BugTraq
URI handling woes in Acrobat Reader, Netscape, Miranda, Skype Oct 05 2007 12:58PM
Juergen Schmidt (ju heisec de) (3 replies)
Re: URI handling woes in Acrobat Reader, Netscape, Miranda, Skype Oct 09 2007 11:03AM
Andreas Lindenblatt (azrael solution de)
Re: URI handling woes in Acrobat Reader, Netscape, Miranda, Skype Oct 09 2007 06:33AM
Andreas Lindenblatt (azrael solution de)
RE: URI handling woes in Acrobat Reader, Netscape, Miranda, Skype Oct 05 2007 07:54PM
Roger A. Grimes (roger banneretcs com) (1 replies)
Re[2]: [Full-disclosure] URI handling woes in Acrobat Reader, Netscape, Miranda, Skype Oct 06 2007 04:13PM
Thierry Zoller (Thierry Zoller lu) (2 replies)
RE: Re[2]: [Full-disclosure] URI handling woes in Acrobat Reader, Netscape, Miranda, Skype Oct 07 2007 01:30AM
Roger A. Grimes (roger banneretcs com)
Re: [Full-disclosure] URI handling woes in Acrobat Reader, Netscape,Miranda, Skype Oct 06 2007 04:43PM
Geo. (geoincidents nls net) (3 replies)
Re: URI handling woes in Acrobat Reader, Netscape,Miranda, Skype Oct 11 2007 12:48PM
Thierry Zoller (Thierry Zoller lu)
Re[2]: [Full-disclosure] URI handling woes in Acrobat Reader, Netscape,Miranda, Skype Oct 06 2007 05:06PM
Thierry Zoller (Thierry Zoller lu) (3 replies)
Re: Re[2]: [Full-disclosure] URI handling woes in Acrobat Reader, Netscape,Miranda, Skype Oct 06 2007 06:52PM
Kurt Dillard (kurtdillard msn com) (1 replies)
Re: Re[2]: [Full-disclosure] URI handling woes in Acrobat Reader, Netscape,Miranda, Skype Oct 07 2007 01:40PM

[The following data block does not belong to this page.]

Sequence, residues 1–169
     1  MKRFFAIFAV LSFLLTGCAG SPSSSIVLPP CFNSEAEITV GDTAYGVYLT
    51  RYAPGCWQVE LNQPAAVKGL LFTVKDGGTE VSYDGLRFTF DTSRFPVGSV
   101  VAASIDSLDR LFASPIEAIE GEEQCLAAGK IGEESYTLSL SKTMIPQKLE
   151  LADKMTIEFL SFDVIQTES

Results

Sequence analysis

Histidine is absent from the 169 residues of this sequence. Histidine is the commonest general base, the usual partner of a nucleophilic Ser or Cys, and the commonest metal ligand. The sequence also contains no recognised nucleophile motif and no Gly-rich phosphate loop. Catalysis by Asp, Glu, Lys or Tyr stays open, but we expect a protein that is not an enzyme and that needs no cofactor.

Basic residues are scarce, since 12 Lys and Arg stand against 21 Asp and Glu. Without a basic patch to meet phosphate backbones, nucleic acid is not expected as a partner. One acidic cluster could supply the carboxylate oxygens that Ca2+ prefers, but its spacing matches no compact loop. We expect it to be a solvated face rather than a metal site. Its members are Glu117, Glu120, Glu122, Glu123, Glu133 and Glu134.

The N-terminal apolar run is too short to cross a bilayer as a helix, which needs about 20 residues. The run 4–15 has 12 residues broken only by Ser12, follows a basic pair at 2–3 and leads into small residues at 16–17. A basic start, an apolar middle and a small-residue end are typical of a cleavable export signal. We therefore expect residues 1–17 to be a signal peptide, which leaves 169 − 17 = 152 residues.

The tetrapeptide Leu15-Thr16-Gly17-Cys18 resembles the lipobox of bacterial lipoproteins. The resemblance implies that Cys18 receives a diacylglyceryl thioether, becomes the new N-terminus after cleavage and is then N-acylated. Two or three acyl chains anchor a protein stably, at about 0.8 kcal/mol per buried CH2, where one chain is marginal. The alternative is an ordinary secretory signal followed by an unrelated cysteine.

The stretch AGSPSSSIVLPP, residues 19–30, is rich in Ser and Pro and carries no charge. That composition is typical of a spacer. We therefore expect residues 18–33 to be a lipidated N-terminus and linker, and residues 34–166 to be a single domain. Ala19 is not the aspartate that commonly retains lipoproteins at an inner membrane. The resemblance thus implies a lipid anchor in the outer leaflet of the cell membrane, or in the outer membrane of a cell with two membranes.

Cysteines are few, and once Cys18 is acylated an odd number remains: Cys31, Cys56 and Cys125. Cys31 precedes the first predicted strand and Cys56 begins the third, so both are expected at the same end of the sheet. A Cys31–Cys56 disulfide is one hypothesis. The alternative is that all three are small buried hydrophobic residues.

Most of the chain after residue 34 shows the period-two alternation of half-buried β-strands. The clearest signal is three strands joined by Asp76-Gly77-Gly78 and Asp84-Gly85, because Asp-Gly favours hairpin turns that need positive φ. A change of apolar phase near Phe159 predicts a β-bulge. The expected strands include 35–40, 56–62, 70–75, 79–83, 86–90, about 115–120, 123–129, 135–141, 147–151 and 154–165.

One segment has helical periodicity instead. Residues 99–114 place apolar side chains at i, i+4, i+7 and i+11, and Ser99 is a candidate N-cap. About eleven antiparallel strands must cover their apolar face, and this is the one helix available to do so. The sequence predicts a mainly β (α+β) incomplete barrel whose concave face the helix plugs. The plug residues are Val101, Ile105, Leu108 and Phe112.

Glynn Clements (glynn gclements plus com) (1 replies)

Kurt Dillard wrote:

> In my opinion, every application should handle incoming data as bad data.
> Its poor programming to assume that incoming data is properly formatted and
> safe to process as is, even if the data is supposed to come from a process
> you own. Why so extreme? Because the bad guys are going to figure out how to
> get bad data to your code using pathways you didn't consider. In other
> words, I agree with Geo that each of the applications should inspect the URI
> before processing it. The OS components that are involved should too, but
> the 3rd party apps should never assume that IE or whatever has done so.

URIs are open-ended. There are dozens of existing schemes, and new
schemes are being added all of the time. It is unreasonable to expect
every program which handles URIs to validate them against such a
complex and unstable specification, particularly when it's merely
passing them through, and not actually *processing* them.

A web browser should be expected to validate URIs which it is
processing itself (e.g. http: and https: URIs), as well as validating
against generic URI syntax (to which the example URI conforms). For
URIs which it passes to an external handler (e.g. mailto:), it only
needs to identify the scheme (to select the correct handler); it is
the handler's responsibility to validate its own URIs (i.e. mail
programs need to validate mailto: URIs).

The fundamental flaw here is that Windows' built-in URI handler
doesn't invoke external programs correctly, resulting in a
shell-injection attack. This is no different to the hundreds or even
thousands of other shell-injection attacks which have been reported on
BugTraq and FD over the years.

Modifying individual programs to protect against a shell-injection bug
in Windows' URI handler is a workaround (mitigation strategy), not a
fix.

--
Glynn Clements <glynn (at) gclements.plus (dot) com [email concealed]>

[ reply ]
Re: [Full-disclosure] URI handling woes in Acrobat Reader, Netscape, Miranda, Skype Oct 08 2007 12:45AM
KJK::Hyperion (hackbunny s0ftpj org) (1 replies)


 

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